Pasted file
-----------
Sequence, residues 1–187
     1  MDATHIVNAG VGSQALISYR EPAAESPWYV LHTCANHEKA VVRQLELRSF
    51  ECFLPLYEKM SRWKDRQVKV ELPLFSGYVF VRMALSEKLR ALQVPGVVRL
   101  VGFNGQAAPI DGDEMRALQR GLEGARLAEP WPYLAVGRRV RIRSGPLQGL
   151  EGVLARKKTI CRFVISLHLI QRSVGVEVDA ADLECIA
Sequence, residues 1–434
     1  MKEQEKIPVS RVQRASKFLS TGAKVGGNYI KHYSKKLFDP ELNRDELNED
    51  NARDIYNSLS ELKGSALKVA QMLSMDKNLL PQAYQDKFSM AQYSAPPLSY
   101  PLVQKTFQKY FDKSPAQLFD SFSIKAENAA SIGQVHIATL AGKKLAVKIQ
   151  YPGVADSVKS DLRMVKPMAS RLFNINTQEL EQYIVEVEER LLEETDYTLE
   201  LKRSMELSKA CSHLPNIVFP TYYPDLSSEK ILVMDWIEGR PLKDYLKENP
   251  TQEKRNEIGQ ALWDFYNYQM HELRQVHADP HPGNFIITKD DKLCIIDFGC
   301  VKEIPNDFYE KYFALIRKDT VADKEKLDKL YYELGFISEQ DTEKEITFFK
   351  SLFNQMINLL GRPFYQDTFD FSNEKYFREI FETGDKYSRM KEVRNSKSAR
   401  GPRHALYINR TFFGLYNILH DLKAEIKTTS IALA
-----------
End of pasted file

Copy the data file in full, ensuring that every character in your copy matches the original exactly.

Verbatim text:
Sequence, residues 1–187
     1  MDATHIVNAG VGSQALISYR EPAAESPWYV LHTCANHEKA VVRQLELRSF
    51  ECFLPLYEKM SRWKDRQVKV ELPLFSGYVF VRMALSEKLR ALQVPGVVRL
   101  VGFNGQAAPI DGDEMRALQR GLEGARLAEP WPYLAVGRRV RIRSGPLQGL
   151  EGVLARKKTI CRFVISLHLI QRSVGVEVDA ADLECIA
Sequence, residues 1–434
     1  MKEQEKIPVS RVQRASKFLS TGAKVGGNYI KHYSKKLFDP ELNRDELNED
    51  NARDIYNSLS ELKGSALKVA QMLSMDKNLL PQAYQDKFSM AQYSAPPLSY
   101  PLVQKTFQKY FDKSPAQLFD SFSIKAENAA SIGQVHIATL AGKKLAVKIQ
   151  YPGVADSVKS DLRMVKPMAS RLFNINTQEL EQYIVEVEER LLEETDYTLE
   201  LKRSMELSKA CSHLPNIVFP TYYPDLSSEK ILVMDWIEGR PLKDYLKENP
   251  TQEKRNEIGQ ALWDFYNYQM HELRQVHADP HPGNFIITKD DKLCIIDFGC
   301  VKEIPNDFYE KYFALIRKDT VADKEKLDKL YYELGFISEQ DTEKEITFFK
   351  SLFNQMINLL GRPFYQDTFD FSNEKYFREI FETGDKYSRM KEVRNSKSAR
   401  GPRHALYINR TFFGLYNILH DLKAEIKTTS IALA